Driver going fast through blurry background

While the focus of most driving safety campaigns revolve around driving under the influence of alcohol or drugs, as well as texting while driving, being too tired is a serious risk that can be as risky as driving while impaired. Many drivers do not realize this and will continue to drive while they are too tired to operate a motor vehicle.

The first week of November is Drowsy Driving Prevention week, an important week to remember that there are more risks to driving a vehicle than you may think at first.

Maybe you are on a long road trip, or just got off a long day at work. Maybe you didn’t sleep enough the night before. Whatever the cause is, driving while tired or sleep deprived is a serious risk that must be avoided at all costs. In a recent meta-analysis, the NHSTA estimated that approximately 91,000 police reported crashes were a result of drowsy drivers. This injured 50,000 people and killed around 800. These are just estimations, however, due to the difficulty of determining how an accident happened.

Tips to Avoid Drowsy Driving

Drowsy driving is easy to avoid, but sometimes it can become unavoidable. Making sure that you are alert is key to driving safely.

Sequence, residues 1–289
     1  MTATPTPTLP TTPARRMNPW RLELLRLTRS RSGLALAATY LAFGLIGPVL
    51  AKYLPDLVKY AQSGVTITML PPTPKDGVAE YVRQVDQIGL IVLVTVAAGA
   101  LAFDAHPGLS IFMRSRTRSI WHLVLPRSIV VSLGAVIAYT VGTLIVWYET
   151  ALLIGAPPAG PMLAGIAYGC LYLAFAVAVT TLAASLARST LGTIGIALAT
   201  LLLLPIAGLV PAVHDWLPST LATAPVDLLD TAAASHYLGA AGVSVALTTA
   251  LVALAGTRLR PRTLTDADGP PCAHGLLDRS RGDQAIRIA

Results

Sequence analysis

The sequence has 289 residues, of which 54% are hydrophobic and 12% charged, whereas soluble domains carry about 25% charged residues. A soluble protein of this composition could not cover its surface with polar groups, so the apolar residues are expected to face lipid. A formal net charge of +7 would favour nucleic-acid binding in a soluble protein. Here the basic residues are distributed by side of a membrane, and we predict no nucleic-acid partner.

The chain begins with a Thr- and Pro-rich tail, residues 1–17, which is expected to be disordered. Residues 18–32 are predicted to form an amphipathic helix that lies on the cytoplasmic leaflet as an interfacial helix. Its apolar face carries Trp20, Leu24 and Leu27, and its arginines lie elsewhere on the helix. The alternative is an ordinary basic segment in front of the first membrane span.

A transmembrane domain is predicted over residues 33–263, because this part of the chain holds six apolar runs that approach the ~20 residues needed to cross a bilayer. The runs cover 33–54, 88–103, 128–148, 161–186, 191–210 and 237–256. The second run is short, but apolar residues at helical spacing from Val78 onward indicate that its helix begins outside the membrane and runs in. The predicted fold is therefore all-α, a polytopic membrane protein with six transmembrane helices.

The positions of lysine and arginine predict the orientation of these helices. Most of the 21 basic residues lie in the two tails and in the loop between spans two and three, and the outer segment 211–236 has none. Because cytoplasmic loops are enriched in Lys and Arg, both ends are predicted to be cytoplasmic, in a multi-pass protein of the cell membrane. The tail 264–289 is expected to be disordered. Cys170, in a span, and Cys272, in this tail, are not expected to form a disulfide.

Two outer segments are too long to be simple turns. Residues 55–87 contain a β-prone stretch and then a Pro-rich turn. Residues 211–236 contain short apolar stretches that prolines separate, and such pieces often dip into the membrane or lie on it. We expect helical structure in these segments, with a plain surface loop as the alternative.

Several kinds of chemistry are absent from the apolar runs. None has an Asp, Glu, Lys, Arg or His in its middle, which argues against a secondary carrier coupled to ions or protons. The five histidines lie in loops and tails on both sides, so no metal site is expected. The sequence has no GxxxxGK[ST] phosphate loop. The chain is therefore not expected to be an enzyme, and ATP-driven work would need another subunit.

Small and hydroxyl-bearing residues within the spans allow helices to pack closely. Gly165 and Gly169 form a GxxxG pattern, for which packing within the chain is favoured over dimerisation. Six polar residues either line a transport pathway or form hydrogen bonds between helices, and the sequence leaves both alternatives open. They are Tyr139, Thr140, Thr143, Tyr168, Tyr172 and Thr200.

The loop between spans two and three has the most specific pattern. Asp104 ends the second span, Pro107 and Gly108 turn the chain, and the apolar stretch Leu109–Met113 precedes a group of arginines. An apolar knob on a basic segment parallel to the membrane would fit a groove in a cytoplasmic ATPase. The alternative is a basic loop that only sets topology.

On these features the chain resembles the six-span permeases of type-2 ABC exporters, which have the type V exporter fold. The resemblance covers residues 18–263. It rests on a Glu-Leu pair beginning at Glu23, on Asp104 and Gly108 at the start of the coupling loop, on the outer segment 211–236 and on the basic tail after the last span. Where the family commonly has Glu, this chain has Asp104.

1. Get enough sleep every night. The CDC recommends that adults need seven to eight hours of sleep every night.
  2. Make sure that you sleep seven to eight hours before any long road journeys.
  3. Do not consume any alcohol before driving, and also make sure your medication do not induce drowsiness. Even over-the-counter medication, like Dramamine and Benadryl, can make you too tired to drive safely.

Signs of Drowsy Driving

Shockingly, in a survey done by the CDC, around 4% of adults self-reported falling asleep while driving in the last 30 days. That is 1 in every 25 drivers on the road. I think it bears repeating that these are just self-reported incidents. The actual number is likely much higher.  Drowsy driving is a serious problem that we must maintain vigilance about and know the warning signs.

  1. Missing commonly taken exits
  2. Swerving or drifting from your lane of travel
  3. Yawning, blinking, and eye fatigue
  4. Driving on “autopilot” – that is not remembering your drive

Sometimes driving drowsy can come on suddenly or unexpectedly, when you were previously feeling alert. The NHSTA recommends pulling over into a lighted rest stop, drinking a cup of coffee, and taking a quick 20–30-minute nap. This may give you enough alertness to reach your destination, or at least somewhere that you can safely sleep a full 7 or 8 hours.

Unfortunately, accidents do happen, however. If you are injured by a drowsy driver, or involved in a crash by a drowsy driver, contacting a trusted car accident attorney can help you find the help you need with your insurance settlement and getting the compensation you deserve.